Despite all of the uncertainties, the euro area’s economy is set to grow this year at its fastest pace in a decade, according to the European Commission.
But, amid the Brexit, its projections also slash the forecast for economic growth in Britain.
In the eurozone, the real GDP growth this year is forecast to be 2.2 per cent, much higher than expected. And the EU economy as a whole is expected to see growth of 2.3 per cent.
But Britain’s forecast is slashed by point three of a percent, to 1.5 per cent, while n the Brexit year, 2019, growth is put at 1.1 percent.
Meanwhile, the events in Catalonia have hit Spanish growth, according to the country’s prime minister.
But the European Commission’s edged up its 2018 projection for Spain.
“We have seen that market reactions were moderate, the situation has to be handled politically, it’s of high importance but we don’t expect that it has a strong impact macro-economically for Europe, for the Eurozone, not even for Spain,” said Pierre Moscovici, EU Commissioner for Economic and Financial Affairs, Taxation and Customs.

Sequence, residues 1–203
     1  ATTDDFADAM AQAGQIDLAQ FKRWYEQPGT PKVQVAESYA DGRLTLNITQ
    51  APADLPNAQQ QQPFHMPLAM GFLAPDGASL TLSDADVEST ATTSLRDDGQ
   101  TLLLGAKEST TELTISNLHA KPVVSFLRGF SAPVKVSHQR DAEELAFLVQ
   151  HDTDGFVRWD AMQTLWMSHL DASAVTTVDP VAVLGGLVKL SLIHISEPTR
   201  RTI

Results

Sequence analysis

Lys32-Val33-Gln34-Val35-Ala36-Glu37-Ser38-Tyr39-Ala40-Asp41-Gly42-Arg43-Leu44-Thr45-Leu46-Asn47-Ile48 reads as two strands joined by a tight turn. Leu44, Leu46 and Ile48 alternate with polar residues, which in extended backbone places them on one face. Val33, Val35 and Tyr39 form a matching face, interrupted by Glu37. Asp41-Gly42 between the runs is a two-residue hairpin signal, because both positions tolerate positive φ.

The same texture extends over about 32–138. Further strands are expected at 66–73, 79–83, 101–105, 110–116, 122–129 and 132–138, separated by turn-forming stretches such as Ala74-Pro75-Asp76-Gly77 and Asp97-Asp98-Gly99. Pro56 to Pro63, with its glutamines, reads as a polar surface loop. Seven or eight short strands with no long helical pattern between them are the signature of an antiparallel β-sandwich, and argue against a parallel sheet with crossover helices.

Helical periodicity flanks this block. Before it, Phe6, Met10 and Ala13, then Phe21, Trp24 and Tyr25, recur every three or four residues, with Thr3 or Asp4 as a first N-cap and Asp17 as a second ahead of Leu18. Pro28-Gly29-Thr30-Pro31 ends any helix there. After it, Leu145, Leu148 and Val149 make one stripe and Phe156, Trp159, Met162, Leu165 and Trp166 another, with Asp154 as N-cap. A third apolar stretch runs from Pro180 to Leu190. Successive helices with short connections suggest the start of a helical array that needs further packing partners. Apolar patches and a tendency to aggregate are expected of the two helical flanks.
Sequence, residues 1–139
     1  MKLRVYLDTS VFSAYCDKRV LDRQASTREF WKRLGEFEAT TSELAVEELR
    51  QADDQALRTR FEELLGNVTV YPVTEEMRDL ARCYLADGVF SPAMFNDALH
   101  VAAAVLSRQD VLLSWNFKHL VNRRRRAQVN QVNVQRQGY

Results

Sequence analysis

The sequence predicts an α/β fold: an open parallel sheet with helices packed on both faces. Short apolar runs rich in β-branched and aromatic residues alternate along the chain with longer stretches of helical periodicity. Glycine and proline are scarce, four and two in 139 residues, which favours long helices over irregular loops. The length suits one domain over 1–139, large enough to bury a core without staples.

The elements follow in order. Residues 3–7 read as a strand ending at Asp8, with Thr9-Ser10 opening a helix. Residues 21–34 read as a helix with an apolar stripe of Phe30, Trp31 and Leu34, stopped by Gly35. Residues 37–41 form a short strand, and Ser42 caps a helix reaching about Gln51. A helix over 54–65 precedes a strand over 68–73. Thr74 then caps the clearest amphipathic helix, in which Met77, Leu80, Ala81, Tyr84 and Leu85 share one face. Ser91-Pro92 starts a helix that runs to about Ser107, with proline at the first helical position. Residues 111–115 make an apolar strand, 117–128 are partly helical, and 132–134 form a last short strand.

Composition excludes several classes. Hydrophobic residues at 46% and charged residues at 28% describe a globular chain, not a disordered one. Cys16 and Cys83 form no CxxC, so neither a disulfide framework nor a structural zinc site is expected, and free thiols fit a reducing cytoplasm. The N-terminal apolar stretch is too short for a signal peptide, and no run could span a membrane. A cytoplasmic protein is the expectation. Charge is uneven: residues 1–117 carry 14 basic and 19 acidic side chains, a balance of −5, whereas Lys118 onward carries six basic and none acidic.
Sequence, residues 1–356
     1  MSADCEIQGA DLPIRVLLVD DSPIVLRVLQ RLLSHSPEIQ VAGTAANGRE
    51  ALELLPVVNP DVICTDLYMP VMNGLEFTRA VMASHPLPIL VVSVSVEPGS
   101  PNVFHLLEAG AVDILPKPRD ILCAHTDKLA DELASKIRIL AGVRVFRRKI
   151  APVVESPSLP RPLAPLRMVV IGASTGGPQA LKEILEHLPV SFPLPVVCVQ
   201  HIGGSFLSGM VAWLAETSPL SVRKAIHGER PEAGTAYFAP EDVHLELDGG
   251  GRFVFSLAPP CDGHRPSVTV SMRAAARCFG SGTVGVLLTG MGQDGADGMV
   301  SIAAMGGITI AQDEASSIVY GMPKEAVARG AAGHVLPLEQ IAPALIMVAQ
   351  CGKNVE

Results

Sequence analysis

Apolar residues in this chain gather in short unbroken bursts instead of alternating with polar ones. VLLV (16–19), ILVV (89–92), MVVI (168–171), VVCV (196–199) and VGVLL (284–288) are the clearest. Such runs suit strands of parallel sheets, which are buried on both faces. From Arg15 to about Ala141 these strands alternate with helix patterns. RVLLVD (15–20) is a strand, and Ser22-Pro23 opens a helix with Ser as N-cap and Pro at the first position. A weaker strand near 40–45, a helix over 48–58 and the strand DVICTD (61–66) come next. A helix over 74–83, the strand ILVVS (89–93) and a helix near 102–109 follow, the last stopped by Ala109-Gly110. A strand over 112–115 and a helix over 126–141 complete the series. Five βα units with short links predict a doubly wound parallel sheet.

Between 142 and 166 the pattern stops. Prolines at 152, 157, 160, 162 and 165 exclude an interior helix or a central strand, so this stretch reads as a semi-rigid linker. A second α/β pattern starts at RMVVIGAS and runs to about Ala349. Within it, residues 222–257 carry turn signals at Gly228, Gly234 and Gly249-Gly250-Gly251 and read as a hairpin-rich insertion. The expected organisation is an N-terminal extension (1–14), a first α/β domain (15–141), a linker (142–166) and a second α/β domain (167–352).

The economic forecasts come as the EU plans a blacklist of tax havens, with talks moving faster in the wake of the so-called Paradise Papers leak.
“It’s name and shame. When a state is being pointed in this list you may be sure that his behaviour will be different. But I think that we also need to design, and that’s the next step, appropriate sanctions for this and that state in the world whose territory will be in the list,” said Moscovici.
Asked whether any EU member states are going to be in the list, he replied: “Wait a minute, wait some months.”